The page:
The debate may be settled when it comes to which tree (a real Christmas tree or an artificial Christmas tree) is better for the environment.
Although it may still be a bit early to buy a real Christmas tree, some artificial Christmas trees have been taking up residence in living rooms across the country since mid-November. And every year there seems to be tension between the real-tree advocates and the fake-tree supporters—both claim that their version has less of an environmental impact. So who’s right?
Finally, the debate may be settled when it comes to which tree (a real Christmas tree or an artificial Christmas tree) is better for the environment, according to various environmental organizations and studies.
Those in favour of artificial trees claim that they last for years (compared to real trees which need to be repurchased every year) and don’t require cutting down living trees.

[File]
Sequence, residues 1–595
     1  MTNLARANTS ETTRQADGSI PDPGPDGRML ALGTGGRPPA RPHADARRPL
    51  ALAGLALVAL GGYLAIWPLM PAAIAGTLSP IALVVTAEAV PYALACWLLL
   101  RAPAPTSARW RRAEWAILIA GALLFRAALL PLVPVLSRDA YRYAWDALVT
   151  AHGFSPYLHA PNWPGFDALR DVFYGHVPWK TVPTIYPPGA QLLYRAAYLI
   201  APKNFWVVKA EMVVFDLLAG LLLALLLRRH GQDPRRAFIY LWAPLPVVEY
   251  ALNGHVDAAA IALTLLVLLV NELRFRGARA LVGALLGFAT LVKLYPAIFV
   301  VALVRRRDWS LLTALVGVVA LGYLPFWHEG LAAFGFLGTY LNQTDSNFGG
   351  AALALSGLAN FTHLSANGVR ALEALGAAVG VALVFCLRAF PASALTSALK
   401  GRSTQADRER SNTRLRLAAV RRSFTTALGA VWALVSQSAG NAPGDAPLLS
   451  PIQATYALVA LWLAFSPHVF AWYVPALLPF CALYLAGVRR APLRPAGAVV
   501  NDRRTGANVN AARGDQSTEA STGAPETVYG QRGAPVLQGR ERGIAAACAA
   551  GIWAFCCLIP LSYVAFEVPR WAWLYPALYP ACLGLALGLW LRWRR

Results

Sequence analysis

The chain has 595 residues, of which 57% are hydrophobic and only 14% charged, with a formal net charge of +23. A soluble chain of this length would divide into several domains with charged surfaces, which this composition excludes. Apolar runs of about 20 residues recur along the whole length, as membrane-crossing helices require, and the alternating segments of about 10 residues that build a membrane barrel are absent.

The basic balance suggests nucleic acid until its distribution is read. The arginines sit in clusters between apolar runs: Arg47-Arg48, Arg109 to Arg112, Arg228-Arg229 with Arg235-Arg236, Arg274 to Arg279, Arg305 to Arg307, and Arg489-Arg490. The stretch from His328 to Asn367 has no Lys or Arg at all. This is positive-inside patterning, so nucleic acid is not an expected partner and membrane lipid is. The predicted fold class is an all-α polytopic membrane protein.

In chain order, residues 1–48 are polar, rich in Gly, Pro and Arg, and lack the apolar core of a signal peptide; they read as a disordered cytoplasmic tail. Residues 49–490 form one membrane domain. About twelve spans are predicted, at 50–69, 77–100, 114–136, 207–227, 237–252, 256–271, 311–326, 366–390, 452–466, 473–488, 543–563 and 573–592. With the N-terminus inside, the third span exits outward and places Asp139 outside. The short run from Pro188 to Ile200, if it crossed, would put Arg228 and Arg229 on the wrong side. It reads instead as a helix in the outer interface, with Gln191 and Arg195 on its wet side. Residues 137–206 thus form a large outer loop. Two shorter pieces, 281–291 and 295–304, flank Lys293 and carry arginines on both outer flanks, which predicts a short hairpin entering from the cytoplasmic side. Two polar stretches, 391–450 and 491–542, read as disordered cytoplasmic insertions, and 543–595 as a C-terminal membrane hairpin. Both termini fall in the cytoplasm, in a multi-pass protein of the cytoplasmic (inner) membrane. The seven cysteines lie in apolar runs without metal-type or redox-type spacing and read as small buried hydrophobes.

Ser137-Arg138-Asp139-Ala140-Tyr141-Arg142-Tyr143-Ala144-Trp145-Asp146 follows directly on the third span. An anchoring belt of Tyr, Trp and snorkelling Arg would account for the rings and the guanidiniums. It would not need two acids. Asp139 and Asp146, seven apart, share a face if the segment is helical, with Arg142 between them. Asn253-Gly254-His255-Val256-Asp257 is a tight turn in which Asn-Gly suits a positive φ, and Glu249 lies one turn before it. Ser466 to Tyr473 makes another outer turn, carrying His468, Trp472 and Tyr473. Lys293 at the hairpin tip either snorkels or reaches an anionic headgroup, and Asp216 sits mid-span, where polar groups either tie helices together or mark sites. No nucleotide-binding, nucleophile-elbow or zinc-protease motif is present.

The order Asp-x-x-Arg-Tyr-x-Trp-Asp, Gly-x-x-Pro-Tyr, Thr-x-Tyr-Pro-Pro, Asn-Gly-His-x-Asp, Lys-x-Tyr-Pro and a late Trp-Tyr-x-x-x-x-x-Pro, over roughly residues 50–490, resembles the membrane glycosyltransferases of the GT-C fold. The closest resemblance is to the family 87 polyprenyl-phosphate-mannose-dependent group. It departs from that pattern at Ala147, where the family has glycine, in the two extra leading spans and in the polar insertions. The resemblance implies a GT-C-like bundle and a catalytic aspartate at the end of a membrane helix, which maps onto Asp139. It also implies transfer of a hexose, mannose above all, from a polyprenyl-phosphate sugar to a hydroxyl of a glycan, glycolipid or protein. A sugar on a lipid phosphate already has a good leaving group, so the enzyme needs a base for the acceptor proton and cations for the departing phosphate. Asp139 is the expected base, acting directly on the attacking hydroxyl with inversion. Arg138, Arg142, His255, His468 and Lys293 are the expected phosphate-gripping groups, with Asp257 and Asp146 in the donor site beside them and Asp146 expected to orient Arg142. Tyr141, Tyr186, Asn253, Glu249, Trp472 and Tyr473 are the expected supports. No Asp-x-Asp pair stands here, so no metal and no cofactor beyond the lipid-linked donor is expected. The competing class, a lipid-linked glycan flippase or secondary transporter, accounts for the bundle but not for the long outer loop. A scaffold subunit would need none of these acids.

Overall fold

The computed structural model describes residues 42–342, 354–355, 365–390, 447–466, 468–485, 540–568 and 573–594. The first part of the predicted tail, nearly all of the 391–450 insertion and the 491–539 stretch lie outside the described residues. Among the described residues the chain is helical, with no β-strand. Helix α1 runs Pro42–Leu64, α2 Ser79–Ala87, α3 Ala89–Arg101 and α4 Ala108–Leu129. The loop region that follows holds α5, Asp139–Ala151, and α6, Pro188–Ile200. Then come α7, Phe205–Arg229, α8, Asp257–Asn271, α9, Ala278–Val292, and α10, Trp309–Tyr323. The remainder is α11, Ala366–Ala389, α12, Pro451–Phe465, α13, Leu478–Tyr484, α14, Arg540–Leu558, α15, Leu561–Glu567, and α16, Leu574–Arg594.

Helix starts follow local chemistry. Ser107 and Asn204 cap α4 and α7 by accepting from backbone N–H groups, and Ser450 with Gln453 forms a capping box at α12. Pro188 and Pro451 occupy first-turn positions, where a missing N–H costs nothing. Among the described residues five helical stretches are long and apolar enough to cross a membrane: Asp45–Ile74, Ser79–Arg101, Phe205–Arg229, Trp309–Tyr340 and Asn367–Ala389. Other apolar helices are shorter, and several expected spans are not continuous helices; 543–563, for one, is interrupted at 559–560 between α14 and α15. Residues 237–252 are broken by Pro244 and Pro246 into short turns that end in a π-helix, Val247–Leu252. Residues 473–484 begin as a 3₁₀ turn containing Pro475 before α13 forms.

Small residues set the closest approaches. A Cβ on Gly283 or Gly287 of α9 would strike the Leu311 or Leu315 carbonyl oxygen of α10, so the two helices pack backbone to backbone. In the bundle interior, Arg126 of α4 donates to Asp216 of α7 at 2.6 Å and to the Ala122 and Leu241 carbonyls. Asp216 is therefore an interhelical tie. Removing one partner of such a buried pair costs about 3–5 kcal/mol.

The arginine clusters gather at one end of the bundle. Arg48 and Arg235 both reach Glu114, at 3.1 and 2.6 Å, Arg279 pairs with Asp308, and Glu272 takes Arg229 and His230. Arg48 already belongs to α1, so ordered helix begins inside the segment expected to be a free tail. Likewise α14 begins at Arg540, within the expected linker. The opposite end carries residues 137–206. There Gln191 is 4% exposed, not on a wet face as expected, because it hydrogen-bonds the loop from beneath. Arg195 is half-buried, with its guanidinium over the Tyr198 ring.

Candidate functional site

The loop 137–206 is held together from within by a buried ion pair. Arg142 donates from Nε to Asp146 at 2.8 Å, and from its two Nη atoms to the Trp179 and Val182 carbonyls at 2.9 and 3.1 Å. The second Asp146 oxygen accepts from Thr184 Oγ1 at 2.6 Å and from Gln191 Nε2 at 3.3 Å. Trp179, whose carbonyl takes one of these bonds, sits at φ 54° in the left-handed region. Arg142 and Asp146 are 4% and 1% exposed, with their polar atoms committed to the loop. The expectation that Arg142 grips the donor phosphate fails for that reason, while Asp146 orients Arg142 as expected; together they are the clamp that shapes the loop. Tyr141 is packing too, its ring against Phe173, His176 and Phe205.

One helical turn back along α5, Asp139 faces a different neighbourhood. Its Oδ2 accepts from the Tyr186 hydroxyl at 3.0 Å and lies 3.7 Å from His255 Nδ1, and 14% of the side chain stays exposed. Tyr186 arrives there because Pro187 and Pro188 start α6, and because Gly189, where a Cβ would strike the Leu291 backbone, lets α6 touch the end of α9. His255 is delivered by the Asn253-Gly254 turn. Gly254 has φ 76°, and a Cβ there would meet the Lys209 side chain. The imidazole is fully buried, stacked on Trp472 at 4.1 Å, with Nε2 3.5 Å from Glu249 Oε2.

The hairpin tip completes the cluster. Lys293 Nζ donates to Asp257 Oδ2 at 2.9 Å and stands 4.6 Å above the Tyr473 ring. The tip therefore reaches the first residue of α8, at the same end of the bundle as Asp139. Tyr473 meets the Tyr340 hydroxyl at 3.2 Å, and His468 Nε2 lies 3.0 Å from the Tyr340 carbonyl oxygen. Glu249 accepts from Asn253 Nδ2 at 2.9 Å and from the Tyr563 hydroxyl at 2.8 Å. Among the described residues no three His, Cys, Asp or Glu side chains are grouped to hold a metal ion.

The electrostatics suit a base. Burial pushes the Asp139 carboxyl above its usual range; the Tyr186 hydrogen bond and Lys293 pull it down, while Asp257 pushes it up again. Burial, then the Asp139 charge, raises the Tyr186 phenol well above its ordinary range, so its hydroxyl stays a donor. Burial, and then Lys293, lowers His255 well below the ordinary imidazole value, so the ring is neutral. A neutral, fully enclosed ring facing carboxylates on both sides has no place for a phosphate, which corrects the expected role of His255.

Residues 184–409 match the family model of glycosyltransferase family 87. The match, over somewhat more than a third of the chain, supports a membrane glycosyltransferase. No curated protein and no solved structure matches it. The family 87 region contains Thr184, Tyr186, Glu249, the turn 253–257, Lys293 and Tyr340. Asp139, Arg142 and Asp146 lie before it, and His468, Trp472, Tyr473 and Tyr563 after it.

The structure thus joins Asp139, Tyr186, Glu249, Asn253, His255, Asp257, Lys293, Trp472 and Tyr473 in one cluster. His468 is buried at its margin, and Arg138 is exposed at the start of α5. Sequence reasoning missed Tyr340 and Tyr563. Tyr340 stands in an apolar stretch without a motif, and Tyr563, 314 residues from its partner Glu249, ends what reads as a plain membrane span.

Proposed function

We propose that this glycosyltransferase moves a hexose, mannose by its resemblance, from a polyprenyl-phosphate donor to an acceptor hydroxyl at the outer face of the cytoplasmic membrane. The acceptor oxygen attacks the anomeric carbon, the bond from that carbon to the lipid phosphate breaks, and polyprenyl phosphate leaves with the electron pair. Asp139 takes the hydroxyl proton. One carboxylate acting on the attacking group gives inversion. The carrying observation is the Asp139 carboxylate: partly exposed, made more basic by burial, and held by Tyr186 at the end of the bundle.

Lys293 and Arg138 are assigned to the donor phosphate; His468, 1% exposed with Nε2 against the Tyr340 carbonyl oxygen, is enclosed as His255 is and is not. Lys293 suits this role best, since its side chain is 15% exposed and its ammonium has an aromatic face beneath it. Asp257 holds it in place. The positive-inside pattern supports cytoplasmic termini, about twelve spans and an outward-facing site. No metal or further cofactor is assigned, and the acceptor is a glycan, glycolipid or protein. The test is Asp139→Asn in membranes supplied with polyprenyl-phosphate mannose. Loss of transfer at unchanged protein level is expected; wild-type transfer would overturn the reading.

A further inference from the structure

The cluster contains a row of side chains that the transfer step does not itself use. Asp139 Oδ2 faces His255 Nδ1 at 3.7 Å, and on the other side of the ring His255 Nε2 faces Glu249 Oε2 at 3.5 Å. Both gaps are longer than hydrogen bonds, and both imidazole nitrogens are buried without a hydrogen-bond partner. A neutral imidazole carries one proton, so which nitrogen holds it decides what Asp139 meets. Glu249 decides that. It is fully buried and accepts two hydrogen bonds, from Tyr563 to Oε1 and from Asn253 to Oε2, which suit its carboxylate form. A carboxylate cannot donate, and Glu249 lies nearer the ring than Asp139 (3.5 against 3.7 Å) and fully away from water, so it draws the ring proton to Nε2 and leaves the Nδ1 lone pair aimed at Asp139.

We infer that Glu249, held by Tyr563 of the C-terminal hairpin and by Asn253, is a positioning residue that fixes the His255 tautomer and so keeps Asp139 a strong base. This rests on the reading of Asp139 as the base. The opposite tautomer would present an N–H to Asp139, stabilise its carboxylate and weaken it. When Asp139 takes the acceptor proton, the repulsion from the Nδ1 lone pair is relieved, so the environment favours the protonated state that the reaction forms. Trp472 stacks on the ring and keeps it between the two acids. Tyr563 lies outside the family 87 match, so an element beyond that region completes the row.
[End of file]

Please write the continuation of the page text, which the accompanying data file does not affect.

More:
But real-tree advocates argue that plastic trees are made with chemicals, and while they’re alive, Christmas trees actually help the environment.
The verdict is in
And real Christmas trees win! This is partially because over the course of their pre-decorative life, natural Christmas trees do good for the earth (such as helping air quality), whereas artificial trees do not have any positive impact.
Natural trees also deplete fewer natural resources. Artificial Christmas trees, on the other hand, are shipped from overseas and made from PVC plastic, which is a non-renewable petroleum plastic and not at all green.
In regards to their impact on climate change, an artificial tree would have to be kept for 20 years before becoming better than a natural tree. However, artificial trees have further problems: PVC plastic (#3 plastic) is harmful to the environment and to one’s health, especially during production. They may also shed dust that contains lead, a known neurotoxin.
Yes, Christmas trees are often heavily sprayed, but you can purchase a Christmas tree grown without pesticides.
Better yet …
Don’t buy a tree at all, use a potted plant you already have, or buy a living Christmas tree you can plant afterwards.